When doctors, dentists, lawyers, and licensed professionals are estranged from their spouses, they might wonder about how the judicial system will treat their professional practices in divorce. A professional practice might be viewed as a hybrid of a job and a business; in some cases, the practice cannot operate apart from the skill and reputation of the professional who attracts and serves customers. In the world of forensic accounting, this concept is known as “personal goodwill.” One of the great challenges of handling professional practices in divorce is to recognize, quantify and protect personal goodwill – and find other ways to compensate the professional’s spouse in a divorce.
In many jurisdictions, personal goodwill may not be counted as marital property. Personal goodwill is not marital property if it is not transferable to a seller. If a licensed professional could sell the professional practice and walk away, then customers and clients might also leave. A buyer would pay little or nothing for a professional practice that could not attract and retain customers. So, for the purposes of a divorce, the practice might be worthless.
Personal goodwill is not self-evident. In most divorce cases, a family lawyer or forensic accountant must prove it by examining the referral sources for the professional practice, the existence of other professionals who could substitute for the seller, and the value added to the practice by elements apart from the licensed professional. For instance, a medical imaging practice might have value, apart from its radiologists, in the expensive equipment that a buyer would need to break into the field. A dental practice might have value in its cadre of skilled, trained hygienists.
For instance, in 2005, a Florida appeals court held that personal goodwill was not marital property in connection with an insurance agency. In Held v. Held, 912 So.2d 637 (Fla.App. 2005), the appeals courts held that an insurance agent’s personal relationship with 60 condominium associations was personal goodwill not transferable to a purchaser, and thus not marital property. Even businesses that do not involve licensed professionals might have an element of personal goodwill.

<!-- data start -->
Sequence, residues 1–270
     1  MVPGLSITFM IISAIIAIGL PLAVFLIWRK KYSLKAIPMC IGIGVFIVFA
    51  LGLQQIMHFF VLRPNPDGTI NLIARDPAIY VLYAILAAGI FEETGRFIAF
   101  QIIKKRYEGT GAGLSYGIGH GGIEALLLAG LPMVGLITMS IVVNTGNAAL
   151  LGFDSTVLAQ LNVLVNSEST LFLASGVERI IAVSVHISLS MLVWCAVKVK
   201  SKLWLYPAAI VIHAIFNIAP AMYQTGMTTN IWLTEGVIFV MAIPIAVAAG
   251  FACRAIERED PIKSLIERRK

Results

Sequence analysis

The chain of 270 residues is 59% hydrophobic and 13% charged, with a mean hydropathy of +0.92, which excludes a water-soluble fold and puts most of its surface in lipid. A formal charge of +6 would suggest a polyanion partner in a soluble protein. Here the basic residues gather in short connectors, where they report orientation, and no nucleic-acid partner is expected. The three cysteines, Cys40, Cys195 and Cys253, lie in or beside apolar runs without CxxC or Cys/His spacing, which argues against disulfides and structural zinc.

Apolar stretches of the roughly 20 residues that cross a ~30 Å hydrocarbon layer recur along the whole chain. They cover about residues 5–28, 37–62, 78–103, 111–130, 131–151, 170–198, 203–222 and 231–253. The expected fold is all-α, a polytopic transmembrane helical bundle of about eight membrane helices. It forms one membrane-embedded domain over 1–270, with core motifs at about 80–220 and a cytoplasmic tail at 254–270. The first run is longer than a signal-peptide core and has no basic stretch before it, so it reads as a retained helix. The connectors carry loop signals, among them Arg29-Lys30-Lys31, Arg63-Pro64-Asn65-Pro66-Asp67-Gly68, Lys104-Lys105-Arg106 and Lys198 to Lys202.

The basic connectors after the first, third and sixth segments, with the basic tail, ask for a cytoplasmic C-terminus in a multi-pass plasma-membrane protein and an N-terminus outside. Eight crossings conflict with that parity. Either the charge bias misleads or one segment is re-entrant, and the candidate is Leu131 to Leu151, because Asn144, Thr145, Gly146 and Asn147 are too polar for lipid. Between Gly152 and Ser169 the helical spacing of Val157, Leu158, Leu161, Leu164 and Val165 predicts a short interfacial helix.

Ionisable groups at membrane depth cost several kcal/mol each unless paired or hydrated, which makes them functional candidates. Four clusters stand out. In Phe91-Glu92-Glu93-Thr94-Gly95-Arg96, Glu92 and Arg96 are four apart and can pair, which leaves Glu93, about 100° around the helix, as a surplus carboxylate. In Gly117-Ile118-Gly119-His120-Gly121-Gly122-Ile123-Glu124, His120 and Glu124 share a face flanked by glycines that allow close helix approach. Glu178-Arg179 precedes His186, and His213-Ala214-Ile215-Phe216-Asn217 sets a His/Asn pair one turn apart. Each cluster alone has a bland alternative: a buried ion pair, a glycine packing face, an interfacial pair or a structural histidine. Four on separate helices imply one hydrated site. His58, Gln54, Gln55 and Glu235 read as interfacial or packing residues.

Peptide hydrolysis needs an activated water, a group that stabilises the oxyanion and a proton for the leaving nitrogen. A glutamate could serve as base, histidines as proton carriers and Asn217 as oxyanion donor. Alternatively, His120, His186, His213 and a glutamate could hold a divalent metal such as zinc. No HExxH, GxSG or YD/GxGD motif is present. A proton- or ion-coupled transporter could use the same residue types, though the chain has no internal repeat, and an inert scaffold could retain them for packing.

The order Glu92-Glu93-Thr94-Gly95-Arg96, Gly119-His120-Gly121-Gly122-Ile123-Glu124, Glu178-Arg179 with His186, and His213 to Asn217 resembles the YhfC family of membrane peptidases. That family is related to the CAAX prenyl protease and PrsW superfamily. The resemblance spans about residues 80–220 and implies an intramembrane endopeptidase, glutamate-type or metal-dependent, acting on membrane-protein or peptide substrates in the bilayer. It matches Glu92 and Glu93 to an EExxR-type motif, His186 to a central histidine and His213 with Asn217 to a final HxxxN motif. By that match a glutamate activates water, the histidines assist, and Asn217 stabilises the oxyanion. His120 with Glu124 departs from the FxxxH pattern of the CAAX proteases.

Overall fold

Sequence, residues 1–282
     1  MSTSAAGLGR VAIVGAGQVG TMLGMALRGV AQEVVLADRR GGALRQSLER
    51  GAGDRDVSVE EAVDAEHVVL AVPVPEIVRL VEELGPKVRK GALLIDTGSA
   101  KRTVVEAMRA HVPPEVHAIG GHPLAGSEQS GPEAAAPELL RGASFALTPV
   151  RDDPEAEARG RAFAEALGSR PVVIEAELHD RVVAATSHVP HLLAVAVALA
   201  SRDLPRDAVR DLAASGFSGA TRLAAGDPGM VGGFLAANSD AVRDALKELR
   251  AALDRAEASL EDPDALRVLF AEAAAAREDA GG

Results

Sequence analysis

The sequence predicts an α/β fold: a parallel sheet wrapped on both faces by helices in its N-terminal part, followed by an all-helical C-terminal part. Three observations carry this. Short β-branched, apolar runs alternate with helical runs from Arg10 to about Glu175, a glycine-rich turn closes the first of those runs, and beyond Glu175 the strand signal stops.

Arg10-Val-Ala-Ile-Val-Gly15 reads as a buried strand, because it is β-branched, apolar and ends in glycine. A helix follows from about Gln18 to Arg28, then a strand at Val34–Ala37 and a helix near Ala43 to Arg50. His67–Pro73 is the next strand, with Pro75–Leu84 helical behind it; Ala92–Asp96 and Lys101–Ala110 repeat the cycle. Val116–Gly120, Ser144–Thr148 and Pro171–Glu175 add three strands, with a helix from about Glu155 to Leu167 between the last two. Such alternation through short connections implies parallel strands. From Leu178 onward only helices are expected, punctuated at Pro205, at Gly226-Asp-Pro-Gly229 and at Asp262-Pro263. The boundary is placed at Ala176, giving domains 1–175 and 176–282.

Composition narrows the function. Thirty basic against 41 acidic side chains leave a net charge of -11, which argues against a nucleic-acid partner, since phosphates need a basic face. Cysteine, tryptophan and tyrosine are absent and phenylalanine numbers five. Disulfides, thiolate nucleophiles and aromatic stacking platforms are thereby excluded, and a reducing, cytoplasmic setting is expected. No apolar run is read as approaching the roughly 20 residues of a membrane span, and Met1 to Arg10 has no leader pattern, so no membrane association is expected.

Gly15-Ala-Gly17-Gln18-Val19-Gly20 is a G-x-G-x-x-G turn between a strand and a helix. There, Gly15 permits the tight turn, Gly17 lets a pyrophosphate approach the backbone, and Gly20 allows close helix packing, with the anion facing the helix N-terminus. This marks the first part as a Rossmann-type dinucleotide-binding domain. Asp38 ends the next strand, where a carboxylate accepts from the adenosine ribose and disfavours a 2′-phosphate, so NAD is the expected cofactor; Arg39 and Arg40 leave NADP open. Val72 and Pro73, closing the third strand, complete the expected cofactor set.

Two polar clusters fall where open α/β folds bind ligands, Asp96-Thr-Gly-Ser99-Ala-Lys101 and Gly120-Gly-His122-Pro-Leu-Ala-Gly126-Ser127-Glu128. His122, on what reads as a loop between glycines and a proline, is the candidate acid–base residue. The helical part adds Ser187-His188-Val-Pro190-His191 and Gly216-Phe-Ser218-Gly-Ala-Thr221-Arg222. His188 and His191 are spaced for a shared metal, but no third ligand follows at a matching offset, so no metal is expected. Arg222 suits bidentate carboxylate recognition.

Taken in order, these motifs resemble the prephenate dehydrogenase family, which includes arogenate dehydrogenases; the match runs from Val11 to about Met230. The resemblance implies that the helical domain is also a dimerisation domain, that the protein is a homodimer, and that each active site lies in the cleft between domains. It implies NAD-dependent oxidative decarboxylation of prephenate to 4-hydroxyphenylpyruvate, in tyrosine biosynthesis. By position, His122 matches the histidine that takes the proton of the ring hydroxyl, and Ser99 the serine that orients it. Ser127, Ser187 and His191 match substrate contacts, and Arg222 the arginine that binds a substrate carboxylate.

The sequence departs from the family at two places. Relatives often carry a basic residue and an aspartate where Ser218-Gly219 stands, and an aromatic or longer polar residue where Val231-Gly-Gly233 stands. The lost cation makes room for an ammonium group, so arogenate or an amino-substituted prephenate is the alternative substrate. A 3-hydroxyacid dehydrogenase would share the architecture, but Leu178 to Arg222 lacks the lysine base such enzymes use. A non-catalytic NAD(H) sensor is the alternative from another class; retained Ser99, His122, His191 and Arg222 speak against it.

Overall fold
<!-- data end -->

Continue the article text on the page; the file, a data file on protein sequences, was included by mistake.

Dealing with professional practices in divorce also requires a family lawyer to observe legal restrictions against “double dipping.” A professional practice may be viewed as an income-generating asset, similar to a rental property or a pension. Each month, the practice generates income. If the income is shared to pay alimony, then it might be unfair to divide the lump sum value of the practice in equitable distribution (which would be a double dip). Yet, if a practice has a high degree of personal goodwill, then the risk of double dipping is reduced, because the practice may not be divided as marital property. Instead, its income could be divided through an alimony order. This is one possible way in which spouses can be compensated for their interest in a professional practice.
Whether a professional practice is treated as an asset to be divided in equitable distribution, or as an income source to provide alimony, licensed professionals must consider how the added financial obligation will impact the practice. If you had to pay equalization payments or alimony in divorce, would the practice have sufficient cash flow to survive? The answer to this question might dictate the amount and duration of a divorce-related obligation for a professional practice in divorce.
For family law help in Western Pennsylvania, call Brian Vertz. He has more than 25 years of experience representing doctors, dentists, consultants, lawyers, accountants, insurance professionals – all kinds of licensed professionals – with complicated child support and divorce issues. His law firm is a powerful team of lawyers dedicated to family law. In Pittsburgh and Western Pennsylvania, call Brian at 412-471-9000.